I’m not a bad driver, at least… I don’t think I am.
Turns out my family doesn’t agree.
I always had my suspicions, but I found out just how wide spread this belief was last weekend when I DROVE my mom, brother and girlfriend up to a family cottage.
When we got there (safe and ON TIME might I add) everyone waiting for us was shocked to find out that I had driven.
They had been talking and I had been the least likely choice because… I was not a good driver.
Everyone believed it, even people that had never set foot in a car with me.
And if you’re honest with yourself, I doubt you believe me either.
Why I am clearly lying about my driving skills:
I’m not going to lie. The whole thing bugged me.
Why did everyone think that about me? Was it true? Am I actually a really bad driver and I just didn’t know it?
And then I realized that part of the reason everyone thinks I’m a bad driver, is that I’m always talking about how I’m a bad driver.
Let me explain…
I’m a pretty self-deprecating kind of guy, and one of the things I often joke about is my driving ability. I joke about how slow I like to drive, how out of practise I am, and how many times I almost died when I first stepped behind the wheel at 16 (I was not a good driver then).
And apparently people started to believe the things I say.
Which is really not their fault… it’s mostly mine.
Turns out sometimes the way you talk about stuff shapes what people think about you… who knew?
The things the world believes about the creative class:
How often when you meet someone new and tell them about your work do you get some version of this question?
“You do that for a living?” or “You actually make money?”
This conversation hasn’t changed as I’ve slipped from the opera world to the online world.
I usually answer with some version of:
“It pays the bills!” or “I get by.”
And I walk away pretty smug. Knowing that it is a lucky thing to be able to cobble together a sustainable income from a combination of singing and online work.
But I doubt the other half of the conversation watches me leave with thoughts of Warren Buffet in their mind.
The world doesn’t think working in the creative class is a good financial choice, and the way I answer that question sure doesn’t change any minds.
Doctors don’t get asked that question. Programmers don’t get asked that question.
So how can the creative class stop getting that question?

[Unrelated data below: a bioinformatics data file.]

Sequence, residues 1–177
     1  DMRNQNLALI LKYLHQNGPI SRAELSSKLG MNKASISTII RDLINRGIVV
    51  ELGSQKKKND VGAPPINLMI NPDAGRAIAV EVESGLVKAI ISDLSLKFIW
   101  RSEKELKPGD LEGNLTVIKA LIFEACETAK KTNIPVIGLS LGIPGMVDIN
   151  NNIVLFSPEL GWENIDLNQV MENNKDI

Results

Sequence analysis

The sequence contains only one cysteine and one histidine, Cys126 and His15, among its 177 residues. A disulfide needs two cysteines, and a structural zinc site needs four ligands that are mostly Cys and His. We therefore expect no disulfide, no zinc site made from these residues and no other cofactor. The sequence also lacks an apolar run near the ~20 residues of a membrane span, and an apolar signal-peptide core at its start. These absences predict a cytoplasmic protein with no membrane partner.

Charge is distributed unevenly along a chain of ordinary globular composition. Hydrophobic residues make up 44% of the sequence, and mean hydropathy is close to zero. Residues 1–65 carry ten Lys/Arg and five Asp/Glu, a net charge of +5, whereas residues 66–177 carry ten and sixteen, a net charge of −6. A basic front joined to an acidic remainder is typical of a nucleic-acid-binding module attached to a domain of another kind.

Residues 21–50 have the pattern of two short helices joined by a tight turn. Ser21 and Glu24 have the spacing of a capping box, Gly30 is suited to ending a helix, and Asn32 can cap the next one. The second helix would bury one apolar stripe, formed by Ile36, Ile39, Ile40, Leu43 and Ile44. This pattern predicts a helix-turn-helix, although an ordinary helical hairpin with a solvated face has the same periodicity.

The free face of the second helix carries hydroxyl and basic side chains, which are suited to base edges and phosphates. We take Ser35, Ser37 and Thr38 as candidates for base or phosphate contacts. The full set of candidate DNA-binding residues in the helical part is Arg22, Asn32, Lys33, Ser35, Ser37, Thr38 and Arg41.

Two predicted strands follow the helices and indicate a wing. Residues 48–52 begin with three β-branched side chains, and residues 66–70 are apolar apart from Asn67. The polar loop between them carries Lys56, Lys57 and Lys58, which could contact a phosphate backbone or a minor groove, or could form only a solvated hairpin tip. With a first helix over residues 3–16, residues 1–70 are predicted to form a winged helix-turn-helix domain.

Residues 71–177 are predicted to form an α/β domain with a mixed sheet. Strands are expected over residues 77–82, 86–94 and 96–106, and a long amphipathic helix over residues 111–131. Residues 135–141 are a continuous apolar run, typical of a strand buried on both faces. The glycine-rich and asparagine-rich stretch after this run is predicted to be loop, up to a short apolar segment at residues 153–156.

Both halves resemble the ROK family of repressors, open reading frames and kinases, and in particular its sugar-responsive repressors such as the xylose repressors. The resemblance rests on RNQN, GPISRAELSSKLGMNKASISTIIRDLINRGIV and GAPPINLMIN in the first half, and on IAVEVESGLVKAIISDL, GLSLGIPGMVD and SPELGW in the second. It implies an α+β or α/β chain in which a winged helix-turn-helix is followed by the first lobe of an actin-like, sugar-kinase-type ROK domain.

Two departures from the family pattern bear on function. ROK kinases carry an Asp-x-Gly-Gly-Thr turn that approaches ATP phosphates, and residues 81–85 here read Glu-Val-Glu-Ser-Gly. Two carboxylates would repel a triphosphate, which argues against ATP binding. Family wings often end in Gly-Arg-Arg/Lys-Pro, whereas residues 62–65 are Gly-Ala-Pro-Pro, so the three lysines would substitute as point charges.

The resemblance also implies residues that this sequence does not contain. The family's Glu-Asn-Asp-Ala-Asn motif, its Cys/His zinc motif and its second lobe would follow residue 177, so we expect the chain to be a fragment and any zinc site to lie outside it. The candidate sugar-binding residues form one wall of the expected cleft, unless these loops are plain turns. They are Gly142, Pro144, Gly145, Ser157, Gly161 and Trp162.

A bad driver and a shitty business owner too:
I’ve been reading a book called “Profit First”. It’s got a ton of great ideas in it, but there’s one big thing I’ve been stuck on every time I pick it up.
What is ‘profit’?
I’m not sure if the author expected someone to struggle with that simple business basic… but I am.
I have carried a belief, which I have talked about a lot, that I’m not interested in being rich… I just want ‘enough’ to live my life.
Now, that word ‘enough’ has changed from being ‘enough’ money to get through the month, to ‘enough’ to get through the year (especially December), and is starting to encompass ‘enough’ to get through my life (retirement, risk management, all of that).
But profit… by definition that’s when you have MORE than enough.
Despite never officially naming my business a non-profit, I have adopted its core tenants. In the way I speak to others, and in the way I speak to myself I have decided that I want to have ‘just enough’.
And I’m beginning to think that it’s holding me back in a huge way.
Creating a profitable and thriving creative class
… just look at those words for a little bit… it was weird to write them.
A profitable and thriving creative class.
How could that be possible? How could we start to reform the way the world sees us… well… I have a hunch it starts by changing the way that we see ourselves.
I don’t think most of us believe that we can be profitable, at least not without losing some core artistic value.
That’s how i’ve always thought about myself, and my business.
Now… I’m not so sure.
After reading ‘Profit First’ I’m starting to think there’s a mental shift around the idea of ‘profit’ that could be a powerful one.
I’m starting to realize that ‘profit’ isn’t the same thing as ‘paying yourself a salary’… and that there’s a way that you can have ‘more than enough’ without making 6 figures a year.
If that all sounds vague, I’m sorry.
I don’t have any answers yet, but I’m starting to question that core belief that so many of us carry around the creative industry.
That breaking even is enough.
That paying the bills is enough.
That building a profitable creative business is next to impossible.
What if what everyone believes about us is wrong?
Rags to Reasonable Community Outreach Coordinator
Emily Nixon is an actor/writer/director/filmmaking Swiss Army Knife. She is also a big money nerd and Community Outreach Coordinator for Rags to Reasonable.
She came to this work after becoming completely fed up with living paycheque-to-paycheque and being too afraid to look in her chequing account. She is passionate about empowering other artists and variable income earners to keep doing what they love and feel confident about their finances.
Email Emily at email@example.com